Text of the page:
Notes from the Editor

AuthorJohn Foust
Published in The Construction Lawyer, Volume 41, Number 1, Winter 2021. © 2021 American Bar Association. Reproduced with permission. All rights reserved. This information or any portion thereof
may not be copied or disseminated in any form or by any means or stored in an electronic database or retrieval system without the express written consent of the American Bar Association.
In Search of a Better
For many of us, 2020 will be
remembered as the year of
working from home. Law rms
and consulting firms closed
their physical ofces beginning
in March 2020, in response to
the public health guidelines for
reducing exposure to the coronavirus. Attorneys and staff
were told to work from home until further notice, which
is now looking like June of 2021, depending on where
one lives and the size of one’s ofce.
One of the most challenging aspects of working from
home, when it is done on a nonvoluntary basis, is the
disparity with which it impacts different workers. For
someone with a large suburban home, no small children,
and crackerjack WiFi, working from home is an abso-
lute dream. Gone is the hour-plus commute into the city,
the crowded ride on public transportation, or the long
walk through inclement weather that threatens to drench
your best business suit. For these fortunate souls, work-
ing from home comes with the casual freedom to start a
pot of beans on the stove or put a chicken in the oven to
roast, all while sitting on a conference call and applying
strategic use of the mute button.
But the picture is far less rosy for someone raising
small children in a cramped city apartment. For these
true soldiers of the pandemic, working from home means
simultaneously juggling childcare, supervising Zoom-
school, and trying to prepare for a virtual deposition on a
kitchen island while your partner hosts a video call from
the bathroom because that is the only room with both a
locking door and a decent WiFi signal.
Another challenge of working from home is that it can
stunt the professional growth of workers who are still learn-
ing their craft and developing their professional network.
Those of us who have been practicing long enough to have
become partners are aware of how much we learned by
working in close physical proximity to our mentors. Good
mentors often had an open-door policy that we were care-
ful not to overuse but that often proved invaluable when we
encountered a difcult problem. We also benetted from
being invited to lunches, events, and casual meetings. Ask
yourself this: How many clients would you have today if
you had spent your entire career working from home and
had never attended a Forum program? It’s easy to see how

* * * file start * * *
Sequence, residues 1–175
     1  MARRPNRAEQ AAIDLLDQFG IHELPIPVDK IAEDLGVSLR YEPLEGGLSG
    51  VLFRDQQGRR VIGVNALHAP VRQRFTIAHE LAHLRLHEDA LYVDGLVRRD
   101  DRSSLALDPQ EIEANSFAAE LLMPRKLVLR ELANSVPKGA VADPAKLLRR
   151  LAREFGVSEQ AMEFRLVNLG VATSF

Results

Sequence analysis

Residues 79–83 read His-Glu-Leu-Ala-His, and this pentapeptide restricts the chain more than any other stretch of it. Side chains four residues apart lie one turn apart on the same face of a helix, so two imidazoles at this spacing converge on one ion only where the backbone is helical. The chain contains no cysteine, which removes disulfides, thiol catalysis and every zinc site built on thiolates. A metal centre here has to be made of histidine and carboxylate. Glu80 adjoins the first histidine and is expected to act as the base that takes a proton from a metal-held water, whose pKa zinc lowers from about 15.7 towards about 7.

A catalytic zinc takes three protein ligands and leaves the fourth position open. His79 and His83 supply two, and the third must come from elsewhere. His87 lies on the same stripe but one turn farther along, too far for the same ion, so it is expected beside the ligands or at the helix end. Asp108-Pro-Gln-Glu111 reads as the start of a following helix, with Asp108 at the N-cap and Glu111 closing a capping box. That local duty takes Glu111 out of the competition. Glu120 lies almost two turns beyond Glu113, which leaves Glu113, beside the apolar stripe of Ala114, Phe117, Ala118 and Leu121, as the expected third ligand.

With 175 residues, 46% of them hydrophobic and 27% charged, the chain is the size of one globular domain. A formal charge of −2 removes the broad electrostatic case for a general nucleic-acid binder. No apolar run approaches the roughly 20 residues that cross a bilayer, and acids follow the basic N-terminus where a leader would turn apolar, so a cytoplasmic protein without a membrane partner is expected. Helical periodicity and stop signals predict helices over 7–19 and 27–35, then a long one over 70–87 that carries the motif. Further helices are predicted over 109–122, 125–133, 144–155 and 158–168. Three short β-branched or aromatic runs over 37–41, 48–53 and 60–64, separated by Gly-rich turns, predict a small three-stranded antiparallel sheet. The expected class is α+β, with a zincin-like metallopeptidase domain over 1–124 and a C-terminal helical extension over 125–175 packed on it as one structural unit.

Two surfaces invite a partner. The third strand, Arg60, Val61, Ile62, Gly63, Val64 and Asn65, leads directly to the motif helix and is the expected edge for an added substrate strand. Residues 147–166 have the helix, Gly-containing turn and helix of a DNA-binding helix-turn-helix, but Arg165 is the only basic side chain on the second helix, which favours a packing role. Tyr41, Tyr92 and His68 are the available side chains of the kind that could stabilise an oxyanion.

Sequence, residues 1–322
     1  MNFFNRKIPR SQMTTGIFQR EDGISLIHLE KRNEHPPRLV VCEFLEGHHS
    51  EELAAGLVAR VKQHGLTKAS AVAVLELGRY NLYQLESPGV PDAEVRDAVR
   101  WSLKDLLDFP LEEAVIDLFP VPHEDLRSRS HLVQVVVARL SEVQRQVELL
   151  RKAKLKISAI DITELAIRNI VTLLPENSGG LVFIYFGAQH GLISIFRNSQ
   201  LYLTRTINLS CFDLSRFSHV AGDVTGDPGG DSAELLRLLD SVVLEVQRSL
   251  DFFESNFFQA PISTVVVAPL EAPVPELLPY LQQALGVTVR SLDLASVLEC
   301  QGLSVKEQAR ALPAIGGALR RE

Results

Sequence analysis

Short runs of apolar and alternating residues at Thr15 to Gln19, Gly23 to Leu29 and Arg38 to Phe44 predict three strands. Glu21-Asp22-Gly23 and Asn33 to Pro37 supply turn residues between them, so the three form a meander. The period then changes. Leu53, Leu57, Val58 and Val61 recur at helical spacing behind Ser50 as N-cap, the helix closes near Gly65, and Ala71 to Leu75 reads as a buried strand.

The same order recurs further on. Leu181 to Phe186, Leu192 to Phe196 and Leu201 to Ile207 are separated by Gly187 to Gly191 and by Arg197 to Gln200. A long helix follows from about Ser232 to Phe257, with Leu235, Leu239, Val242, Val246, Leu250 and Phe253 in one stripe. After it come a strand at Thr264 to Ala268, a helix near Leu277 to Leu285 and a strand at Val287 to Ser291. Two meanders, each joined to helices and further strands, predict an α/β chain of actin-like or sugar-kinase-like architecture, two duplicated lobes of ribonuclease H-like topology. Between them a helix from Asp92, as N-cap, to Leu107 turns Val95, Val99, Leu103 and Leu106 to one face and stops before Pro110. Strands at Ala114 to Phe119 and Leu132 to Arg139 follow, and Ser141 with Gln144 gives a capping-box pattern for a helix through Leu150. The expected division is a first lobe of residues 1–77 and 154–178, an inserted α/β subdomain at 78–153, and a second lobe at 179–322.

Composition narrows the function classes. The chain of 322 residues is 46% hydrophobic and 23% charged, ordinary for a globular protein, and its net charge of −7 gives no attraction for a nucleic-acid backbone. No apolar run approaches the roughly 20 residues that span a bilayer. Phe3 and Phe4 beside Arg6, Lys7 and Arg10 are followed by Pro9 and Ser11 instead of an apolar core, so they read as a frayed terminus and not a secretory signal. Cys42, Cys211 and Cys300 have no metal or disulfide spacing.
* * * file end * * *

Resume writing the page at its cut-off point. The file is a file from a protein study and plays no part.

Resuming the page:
the restrictions imposed in response to the pandemic fall
hardest on our junior colleagues who are still trying to
develop their skills and their networks.
The theme of this Winter 2021 edition of The Con-
struction Lawyer is the search for a better workplace. The
three featured articles each addresses, in different ways,
the challenges facing employers, employees, and profes-
sionals working in the construction-related industries
today. In Labor and Employment Risk in the Real World: A
Practical Guide to Understanding Recent Trends and Laws
Intersecting the Construction Industry, authors Erin Ebeler
Rolf and Andrea Woods offer a practical guide to issues
like LGBTQ, sexual orientation, and gender identication
in the workplace. The article discusses the implications of
the Supreme Court’s recent decision in Bostock v. Clay-
ton County, which ruled that discrimination on the basis
of sexual orientation or gender identity is discrimination
“because of sex” and therefore prohibited by Title VII. The
article also contains a useful discussion of maintaining
privilege during an employer’s internal investigation and
specic challenges facing multiple generations operating
together in one workforce.
Another article that ts our theme of building a bet-
ter workplace is The Intersection of Inclusion, Diversity,
and Risk Management in the Construction Industry by
Lance Currie, Amy Iannone, and Claudia Mandato. In
that article, the authors start by providing an update on
the state of diversity and inclusion in the construction
industry and go on to discuss the risks associated with the
lack of a diverse workforce, including safety risks, legal
risks, and reputational risks. The article ends with a dis-
cussion of unconscious bias and a set of practical tips
for employers to consider for avoiding bias and improv-
ing diversity and inclusion.
Finally, in Pay Equity in the Construction Industry,
authors Anne G. Bibeau, Michael J. Frantz Jr., and Kris-
ten E. Protas discuss the Equal Pay Act and the recent
increase in state legislation dealing with gender-based
wage disparity and how that legislation may impact the
construction industry.
Disparity in the workplace is a problem that must be
acknowledged before it can be solved. But that is more
easily said than done. By its very denition, disparity is
something that benets one group while disadvantag-
ing another, and the beneted group will always have
an incentive to ignore the problem or declare it incapa-
ble of being solved. The three articles in this issue of
The Construction Lawyer are good reminders that work-
place disparity remains a perpetual problem for which
we should always be seeking solutions.
John Foust is a partner with Ralls Gruber & Niece in
San Francisco, California.
John Foust
By John Foust

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